Coronavirus: U.S. tops 12 million positive cases

Coronavirus: U.S. tops 12 million positive cases
A woman watches the fountains at the Bellagio hotel-casino along the Las Vegas Strip on Thursday. As the coronavirus surges to record levels nationwide, topping 12 million cases on Saturday, Nevada's governor has urged residents to stay home. (John Locher/Associated Press)

The United States topped another milestone in the coronavirus pandemic on Saturday, with more than 12 million positive cases.

As of Saturday afternoon, the U.S. total stood at 12,019,960, according to the Johns Hopkins University COVID-19 tracker. The worldwide total stood at 57,932,313.

Content Continues Below

The death toll in the U.S. continued to rise, with 255,414 fatalities as of Saturday afternoon. Worldwide, there are 1,377,978 deaths.

There have been more than 1 million new positive cases in less than a week and 2 million over the past 12 days, CNN reported.

Six states have at least 10,000 COVID-19 deaths, with New York leading with 34,287. Texas (20,751), California (18,654), Florida (17,889), New Jersey (16,746), Illnois (11,951) and Massachusetts (10,469), according to Johns Hopkins.

Pennsylvania and Georgia are closing in on 10,000 deaths.

Governors across the country have renewed mask mandates and limits on social gatherings in a bid to fight the virus.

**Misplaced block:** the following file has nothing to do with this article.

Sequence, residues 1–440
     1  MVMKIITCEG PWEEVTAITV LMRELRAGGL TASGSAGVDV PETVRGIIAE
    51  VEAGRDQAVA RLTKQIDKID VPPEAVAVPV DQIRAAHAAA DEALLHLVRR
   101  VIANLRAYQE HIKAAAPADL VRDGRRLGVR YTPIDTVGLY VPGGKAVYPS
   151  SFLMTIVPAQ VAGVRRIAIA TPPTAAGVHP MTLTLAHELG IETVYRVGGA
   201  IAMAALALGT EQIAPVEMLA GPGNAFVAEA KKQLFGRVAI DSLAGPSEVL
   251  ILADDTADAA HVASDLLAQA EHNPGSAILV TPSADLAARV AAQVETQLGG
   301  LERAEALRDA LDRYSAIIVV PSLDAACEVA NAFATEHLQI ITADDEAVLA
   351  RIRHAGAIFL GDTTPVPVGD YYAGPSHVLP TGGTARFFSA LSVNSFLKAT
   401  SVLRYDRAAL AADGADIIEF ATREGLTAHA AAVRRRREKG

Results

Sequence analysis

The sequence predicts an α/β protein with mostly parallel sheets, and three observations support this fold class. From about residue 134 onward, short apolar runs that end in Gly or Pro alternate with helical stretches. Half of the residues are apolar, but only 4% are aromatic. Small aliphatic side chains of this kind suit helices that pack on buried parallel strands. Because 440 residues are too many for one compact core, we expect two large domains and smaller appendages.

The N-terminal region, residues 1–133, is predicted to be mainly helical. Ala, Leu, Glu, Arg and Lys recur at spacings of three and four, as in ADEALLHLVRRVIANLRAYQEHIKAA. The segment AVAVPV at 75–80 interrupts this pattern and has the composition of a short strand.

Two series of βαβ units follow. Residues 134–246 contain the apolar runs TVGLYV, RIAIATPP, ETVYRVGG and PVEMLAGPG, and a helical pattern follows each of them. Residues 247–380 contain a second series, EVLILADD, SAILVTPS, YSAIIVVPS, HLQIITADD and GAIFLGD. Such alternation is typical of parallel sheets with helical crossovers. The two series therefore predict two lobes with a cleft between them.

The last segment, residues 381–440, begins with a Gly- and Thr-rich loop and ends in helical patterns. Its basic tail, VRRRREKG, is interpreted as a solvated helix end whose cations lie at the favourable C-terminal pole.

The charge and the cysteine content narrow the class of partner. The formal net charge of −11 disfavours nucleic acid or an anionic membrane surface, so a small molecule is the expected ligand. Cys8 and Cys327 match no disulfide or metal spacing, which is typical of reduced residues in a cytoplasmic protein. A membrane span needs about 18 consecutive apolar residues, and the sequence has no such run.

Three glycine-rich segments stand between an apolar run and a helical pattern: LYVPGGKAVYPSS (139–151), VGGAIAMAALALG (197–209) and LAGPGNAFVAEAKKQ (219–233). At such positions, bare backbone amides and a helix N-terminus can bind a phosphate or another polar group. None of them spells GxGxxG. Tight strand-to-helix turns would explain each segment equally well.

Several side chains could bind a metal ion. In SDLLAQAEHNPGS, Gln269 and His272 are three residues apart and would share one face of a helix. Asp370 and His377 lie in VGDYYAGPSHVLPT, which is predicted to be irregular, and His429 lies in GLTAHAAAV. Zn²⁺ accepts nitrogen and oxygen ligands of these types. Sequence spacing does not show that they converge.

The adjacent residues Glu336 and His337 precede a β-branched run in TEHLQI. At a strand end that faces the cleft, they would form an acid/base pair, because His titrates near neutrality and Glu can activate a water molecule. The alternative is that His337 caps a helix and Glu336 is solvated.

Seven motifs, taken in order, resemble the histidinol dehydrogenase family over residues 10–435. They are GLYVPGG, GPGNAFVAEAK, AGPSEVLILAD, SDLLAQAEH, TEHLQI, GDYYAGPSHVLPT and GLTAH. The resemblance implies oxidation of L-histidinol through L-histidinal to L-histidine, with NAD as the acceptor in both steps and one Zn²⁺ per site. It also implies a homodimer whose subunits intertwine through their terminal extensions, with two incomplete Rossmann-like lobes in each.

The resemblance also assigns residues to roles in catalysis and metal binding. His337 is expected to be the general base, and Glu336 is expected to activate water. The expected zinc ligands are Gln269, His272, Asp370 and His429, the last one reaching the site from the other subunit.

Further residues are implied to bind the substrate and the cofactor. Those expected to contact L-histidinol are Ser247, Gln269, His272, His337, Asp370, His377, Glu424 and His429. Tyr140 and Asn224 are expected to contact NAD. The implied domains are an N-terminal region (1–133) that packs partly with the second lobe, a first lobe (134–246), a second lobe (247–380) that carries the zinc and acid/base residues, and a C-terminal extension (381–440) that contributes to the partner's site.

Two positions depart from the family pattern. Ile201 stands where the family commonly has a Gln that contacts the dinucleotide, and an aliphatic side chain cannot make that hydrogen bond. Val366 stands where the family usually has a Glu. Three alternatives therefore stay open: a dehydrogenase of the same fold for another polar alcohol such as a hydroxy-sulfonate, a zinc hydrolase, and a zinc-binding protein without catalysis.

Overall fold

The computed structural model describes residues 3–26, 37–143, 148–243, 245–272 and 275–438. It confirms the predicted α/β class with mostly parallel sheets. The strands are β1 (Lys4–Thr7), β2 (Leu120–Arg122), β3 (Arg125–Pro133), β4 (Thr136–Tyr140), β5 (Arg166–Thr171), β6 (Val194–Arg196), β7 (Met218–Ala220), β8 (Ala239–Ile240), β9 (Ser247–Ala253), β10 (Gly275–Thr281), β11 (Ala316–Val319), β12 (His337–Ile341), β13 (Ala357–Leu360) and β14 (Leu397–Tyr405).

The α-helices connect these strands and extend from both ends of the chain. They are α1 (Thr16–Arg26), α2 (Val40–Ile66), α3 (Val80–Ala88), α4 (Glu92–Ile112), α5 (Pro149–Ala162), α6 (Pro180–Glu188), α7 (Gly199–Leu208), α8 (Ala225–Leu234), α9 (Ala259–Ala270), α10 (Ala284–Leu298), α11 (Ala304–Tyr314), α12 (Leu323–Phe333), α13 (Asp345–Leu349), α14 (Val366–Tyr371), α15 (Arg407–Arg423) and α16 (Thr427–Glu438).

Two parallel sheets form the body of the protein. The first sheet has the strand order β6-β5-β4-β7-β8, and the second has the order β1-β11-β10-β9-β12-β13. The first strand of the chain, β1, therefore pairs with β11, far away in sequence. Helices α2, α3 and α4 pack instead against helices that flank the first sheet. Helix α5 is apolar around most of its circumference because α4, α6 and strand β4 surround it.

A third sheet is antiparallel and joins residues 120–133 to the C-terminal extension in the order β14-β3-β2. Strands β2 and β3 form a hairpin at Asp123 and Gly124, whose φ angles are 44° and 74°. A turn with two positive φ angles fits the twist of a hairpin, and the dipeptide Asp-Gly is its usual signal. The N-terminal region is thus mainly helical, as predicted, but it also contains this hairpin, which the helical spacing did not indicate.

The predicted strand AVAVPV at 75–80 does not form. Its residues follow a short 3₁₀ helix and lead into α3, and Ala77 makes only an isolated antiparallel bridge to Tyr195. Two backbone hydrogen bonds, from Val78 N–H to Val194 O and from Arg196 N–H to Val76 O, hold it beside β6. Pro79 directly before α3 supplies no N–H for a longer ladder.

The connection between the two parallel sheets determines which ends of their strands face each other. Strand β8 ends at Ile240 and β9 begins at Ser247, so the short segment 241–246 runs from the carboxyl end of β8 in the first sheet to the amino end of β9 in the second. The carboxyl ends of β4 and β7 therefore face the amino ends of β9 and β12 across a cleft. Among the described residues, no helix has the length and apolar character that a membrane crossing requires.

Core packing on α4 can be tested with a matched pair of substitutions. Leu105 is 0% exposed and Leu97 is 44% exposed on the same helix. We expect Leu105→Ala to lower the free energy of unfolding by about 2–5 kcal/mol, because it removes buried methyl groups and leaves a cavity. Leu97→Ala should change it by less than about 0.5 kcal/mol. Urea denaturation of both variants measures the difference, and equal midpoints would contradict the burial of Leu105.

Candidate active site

In an opinion piece for The Washington Post, seven governors: J.B. Pritzker (D-Illinois), Eric Holcomb (R-Indiana), Andy Beshear (R-Kentucky), Gretchen Witmer (D-Michigan), Tim Walz (D-Minnesota), Mike DeWine (R-Ohio) and Tony Evers (D-Wisconsin) said Americans need to work together to curb the spread of the virus.

“Right now, cases and hospitalizations are skyrocketing in the Midwest and across the country,” they wrote. “As the weather gets colder and more people head inside, it will get worse. It is more important than ever that we double down on mask-wearing and physical distancing to help more people get through the winter and protect those on the front lines of this crisis — our doctors, nurses, grocery store workers and truck drivers.”

The governors went on to urge people to stay home for Thanksgiving.

“If you are planning to spend Thanksgiving with people outside your household, we urge you to reconsider,” they wrote. “As hard as it will be to not see them this Thanksgiving, imagine how much harder it would be if their chairs are empty next year.”

More coronavirus pandemic coverage: